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- by newwavegirl89 Sep 13, '10I was wondering if anyone can give their input on the legal ramifications of the licensed RN precepting GN's (graduate nurses). Some facilities now are hiring new grads who either are waiting for their NCLEX results or are in-between taking their NCLEX exams(they have failed the first time and r re-taking the exam). I have been asked by my director if I would orient GN's but have refused for fear of my license being at risk? Am i wrong in this? I too have been a baby nurse (many moons ago) but when i was training I was already a licensed RN bring oriented by another RN. Thanks for any advice.
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- Sep 13, '10 by lilypad2424Totally legal. I just graduated. As soon as the board gets the pprwrk from the school, you can work as a "GN." However, I'm not sure how it works if you fail the NCLEX.
- Sep 13, '10 by R!XTERDon't know about the legalities, but as a GN I just gotta say, Please be nice to him/her!!! It is so so intimidating coming into a situation where everyone is experienced, and everyone knows each other and you are the new one. Please don't forget what it was like to be a new nurse yourself! :redpinkhe
- Sep 13, '10 by GM2RNI have precepted GNs a few times, but NEVER have I let them push IV meds until they are licensed and can pull them from the pyxis and chart it under their own ID. I also double check everything that I think is necessary to ensure that the patient is safe. Some are given more autonomy than others as they earn my trust.
- Sep 13, '10 by back2bRNDepends on where you are from. In Alberta,Canada GN's are responsible for their own pt care. There are some limitations placed on them, but as said earlier, it really depends on your province/state. Ask your registration body.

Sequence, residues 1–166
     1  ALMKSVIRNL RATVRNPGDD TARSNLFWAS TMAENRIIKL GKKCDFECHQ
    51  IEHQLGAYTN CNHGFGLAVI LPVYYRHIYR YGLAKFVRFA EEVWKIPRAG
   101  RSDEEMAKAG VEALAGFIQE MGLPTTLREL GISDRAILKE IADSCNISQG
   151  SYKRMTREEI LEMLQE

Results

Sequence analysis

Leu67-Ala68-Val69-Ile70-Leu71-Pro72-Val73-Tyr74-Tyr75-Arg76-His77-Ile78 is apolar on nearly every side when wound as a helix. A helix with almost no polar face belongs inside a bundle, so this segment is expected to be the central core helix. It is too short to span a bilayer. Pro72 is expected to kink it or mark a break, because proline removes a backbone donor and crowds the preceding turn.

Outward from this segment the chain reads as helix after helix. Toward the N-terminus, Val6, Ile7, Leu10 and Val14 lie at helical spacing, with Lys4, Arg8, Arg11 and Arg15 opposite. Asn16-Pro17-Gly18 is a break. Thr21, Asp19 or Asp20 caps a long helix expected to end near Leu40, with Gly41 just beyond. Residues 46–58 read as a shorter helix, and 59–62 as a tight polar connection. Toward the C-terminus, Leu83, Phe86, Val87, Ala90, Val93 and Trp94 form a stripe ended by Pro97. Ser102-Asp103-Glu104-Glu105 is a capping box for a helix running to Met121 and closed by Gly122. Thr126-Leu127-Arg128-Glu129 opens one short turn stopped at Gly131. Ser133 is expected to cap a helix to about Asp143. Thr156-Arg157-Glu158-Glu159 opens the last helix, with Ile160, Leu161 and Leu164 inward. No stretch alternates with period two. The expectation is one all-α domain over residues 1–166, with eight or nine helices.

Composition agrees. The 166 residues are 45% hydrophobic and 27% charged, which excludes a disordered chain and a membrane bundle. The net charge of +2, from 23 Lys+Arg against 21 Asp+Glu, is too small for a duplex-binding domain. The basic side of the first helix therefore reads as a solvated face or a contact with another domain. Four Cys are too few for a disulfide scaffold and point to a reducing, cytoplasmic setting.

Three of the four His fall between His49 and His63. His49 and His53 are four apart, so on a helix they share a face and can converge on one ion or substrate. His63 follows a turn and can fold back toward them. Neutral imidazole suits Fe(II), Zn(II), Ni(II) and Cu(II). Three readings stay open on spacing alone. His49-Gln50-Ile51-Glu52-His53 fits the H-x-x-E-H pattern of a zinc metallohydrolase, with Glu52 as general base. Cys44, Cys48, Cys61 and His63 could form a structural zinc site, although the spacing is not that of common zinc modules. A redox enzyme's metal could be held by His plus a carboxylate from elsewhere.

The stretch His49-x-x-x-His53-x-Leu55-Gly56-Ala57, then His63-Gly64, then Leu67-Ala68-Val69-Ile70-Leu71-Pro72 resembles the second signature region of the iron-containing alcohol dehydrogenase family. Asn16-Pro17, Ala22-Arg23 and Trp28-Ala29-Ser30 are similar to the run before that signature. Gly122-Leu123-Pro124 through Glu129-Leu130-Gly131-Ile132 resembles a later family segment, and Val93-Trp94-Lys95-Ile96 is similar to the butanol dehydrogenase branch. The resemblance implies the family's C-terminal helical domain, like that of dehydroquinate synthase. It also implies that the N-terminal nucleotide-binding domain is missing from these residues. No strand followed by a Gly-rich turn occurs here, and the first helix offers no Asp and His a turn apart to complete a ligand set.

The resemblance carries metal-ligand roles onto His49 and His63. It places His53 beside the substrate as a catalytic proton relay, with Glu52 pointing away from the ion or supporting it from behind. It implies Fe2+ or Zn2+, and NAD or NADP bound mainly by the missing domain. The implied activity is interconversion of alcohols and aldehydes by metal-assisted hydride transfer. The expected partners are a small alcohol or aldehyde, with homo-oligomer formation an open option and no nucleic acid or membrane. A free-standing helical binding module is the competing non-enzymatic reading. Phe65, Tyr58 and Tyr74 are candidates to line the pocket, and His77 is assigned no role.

- Sep 13, '10 by highlandlass1592You need to get with the BON for your state. How people can practice once they've graduated before they are licenses is entirely up to the BON. In our state, there is no such thing as a GN. If you work with someone who is functioning in the GN "role", they are not licensed and YOU are responsible for the care they deliver. The rules of what they can and can't do are usually spelled out quite specifically. Pay attention to those rules. There is no reason you can't have a good experience precepting them, it can be very rewarding for both them and you. Just know where the boundaries are and stand up for them.
Our unit got flooded with new grads a few years ago. One of our members of management were going to let them take patients on their own, before they were licensed since they were "GN's". I was all over this...no way was I going to allow that to take place. I cited the section in our Public Health Code (where our nursing practice laws are listed) and provided documentation that this was not allowed to take place. This member of management stated "well, the union has provisions for how GN's can work"...I had to remind her that provision hadn't been updated since GN's were phased out. The either changed the schedule or I was calling the state BON and CMS and filing complaints. It was amazing how fast legal got involved and the management team backed off and changed things. Stand up for what's right.
- Sep 14, '10 by FribbletI've never understood why some states allow people to practice as nurses before they have been licensed. It just doesn't make sense to me.